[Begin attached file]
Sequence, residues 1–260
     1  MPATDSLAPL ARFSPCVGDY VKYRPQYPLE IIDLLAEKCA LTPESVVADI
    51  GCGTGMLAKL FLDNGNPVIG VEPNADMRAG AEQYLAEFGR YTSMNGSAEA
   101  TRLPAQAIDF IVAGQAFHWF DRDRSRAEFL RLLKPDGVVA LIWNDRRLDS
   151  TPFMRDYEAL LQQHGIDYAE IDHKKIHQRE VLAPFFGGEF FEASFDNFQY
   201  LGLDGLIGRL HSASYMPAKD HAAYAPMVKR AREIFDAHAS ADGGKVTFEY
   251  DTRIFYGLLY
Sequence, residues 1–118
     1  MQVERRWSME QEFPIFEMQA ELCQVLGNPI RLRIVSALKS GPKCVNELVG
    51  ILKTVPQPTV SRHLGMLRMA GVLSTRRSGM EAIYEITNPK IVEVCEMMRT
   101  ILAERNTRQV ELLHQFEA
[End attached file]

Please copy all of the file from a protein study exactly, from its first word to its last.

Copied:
Sequence, residues 1–260
     1  MPATDSLAPL ARFSPCVGDY VKYRPQYPLE IIDLLAEKCA LTPESVVADI
    51  GCGTGMLAKL FLDNGNPVIG VEPNADMRAG AEQYLAEFGR YTSMNGSAEA
   101  TRLPAQAIDF IVAGQAFHWF DRDRSRAEFL RLLKPDGVVA LIWNDRRLDS
   151  TPFMRDYEAL LQQHGIDYAE IDHKKIHQRE VLAPFFGGEF FEASFDNFQY
   201  LGLDGLIGRL HSASYMPAKD HAAYAPMVKR AREIFDAHAS ADGGKVTFEY
   251  DTRIFYGLLY
Sequence, residues 1–118
     1  MQVERRWSME QEFPIFEMQA ELCQVLGNPI RLRIVSALKS GPKCVNELVG
    51  ILKTVPQPTV SRHLGMLRMA GVLSTRRSGM EAIYEITNPK IVEVCEMMRT
   101  ILAERNTRQV ELLHQFEA